Now, I see the big conversation about Phantom Thread is that people are saying this is a movie about how we need to protect the white male genius and that the Daniel Day-Lewis character is a representation of the idea of almost the auteur figure who, because we’ve decided what they do is brilliant, therefore everything in the world must cater toward their success, and his female counterpart just needs to almost do what she can to prop up his genius.

Now, you know what? That’s an interesting way to look at that movie. And it made me think about the movie differently, but I now get the sense that this is going to be the ongoing argument about the merits of this film as it moves through the award season—“Does this movie in some way suggest that the male, the white patriarchy, must be saved?” And while that’s absolutely a great thesis for an essay here or an essay there, I think it’s going to be weird if that becomes the overriding way to look at this movie because movies are fundamentally personal. This kind of movie is fundamentally personal.

So I’m not saying that my perception is the only one that should exist, but I hope that it’s not like because this movie is good, and because this movie is important, and because this movie could win an Oscar, we have to ascribe an inflexible political reading of this that you have to either agree with or disagree with. I think that’s bad.

That’s right. The question is to what degree is that going on beyond the small circle of people who read certain articles on certain sites? But I don’t know the answer to that.

Here’s the thing about that. And this is something I realized while writing What if We’re Wrong? There’s always two silos of cultural memory. They’re the real big silo, which is the way most people understand the event, particularly people who aren’t invested, that they know what happens. They know a person is important or not important. They have almost an unsettled understanding of it, but as a collective mass understanding.

And then there’s this other silo of people who write about it in this different way and can contextualize it in this larger way. One silo is huge, and one silo is small, but in the future, the silos are almost the same because the big silo is sort of the natural memory people have, but if someone is going to write about Phantom Thread in a hundred years … that probably won’t happen, but if it does, they’re going to go back and look at that smaller silo for guidance. That’s going to be the data they will have. So, these opinions that do seem to be happening in a small group of people, in the present tense, that is true. One percent of the populace is concerned about the political meaning of Justin Timberlake’s halftime performance. One percent.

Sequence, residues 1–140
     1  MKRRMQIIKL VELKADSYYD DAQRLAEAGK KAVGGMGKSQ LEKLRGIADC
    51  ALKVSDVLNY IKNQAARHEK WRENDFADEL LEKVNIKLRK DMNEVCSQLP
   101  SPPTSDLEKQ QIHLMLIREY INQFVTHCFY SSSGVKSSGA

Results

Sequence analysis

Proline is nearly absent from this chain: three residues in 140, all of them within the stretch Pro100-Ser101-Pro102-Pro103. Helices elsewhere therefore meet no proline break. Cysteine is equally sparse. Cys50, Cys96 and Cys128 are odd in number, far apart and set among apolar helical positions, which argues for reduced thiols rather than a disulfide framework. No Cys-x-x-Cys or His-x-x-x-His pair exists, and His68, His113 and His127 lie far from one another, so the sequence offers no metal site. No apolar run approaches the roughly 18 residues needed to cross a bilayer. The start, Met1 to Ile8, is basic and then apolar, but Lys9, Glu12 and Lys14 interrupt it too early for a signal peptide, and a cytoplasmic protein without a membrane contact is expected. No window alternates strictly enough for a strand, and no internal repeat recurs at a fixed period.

But, as we move forward, that 1 percent will the only information that really exists, because everyone else will just straight-up forget and not even remember he performed.

I know nothing about music—like literally nothing about music. One of the things I have found asking people about music, compared to, say, novels or films is that there seems to me to be less consensus about what music is good. If I ask someone about a novel or a film, that person could have their particular opinion on the novel or the film, but I think it would be very easy to place someone, whether it’s Adam Sandler or Martin Scorsese or Jonathan Franzen or George Eliot, and say, “Here’s my particular opinion, but the conventional wisdom about Adam Sandler is X.”

With music what I find is that there is not consensus. So I have friends who know music who will say things like, “Everyone loves band X,” and another person will say, “Band X is so lame—everyone knows that.” Do you agree?

You’re right because there is a depth to the subjectivity of music that you can say the same thing about novels, but somehow it is not the same. The Rock & Roll Hall of Fame is a great example of this. You look at the Baseball Hall of Fame or the Pro Football Hall of Fame or the Basketball Hall of Fame. Now there is a degree of subjectivity in this as well. But here’s something that never happens: There are people who there can be argument over—maybe Roger Maris should be in the Baseball Hall of Fame, maybe he deserves it. Or maybe this individual who got in didn’t quite deserve it. It’s all people on the cusp. But no one looks at anybody in the Baseball Hall of Fame and says, “That guy’s terrible! That guy is awful! He was bad for baseball. He’s a bad player.”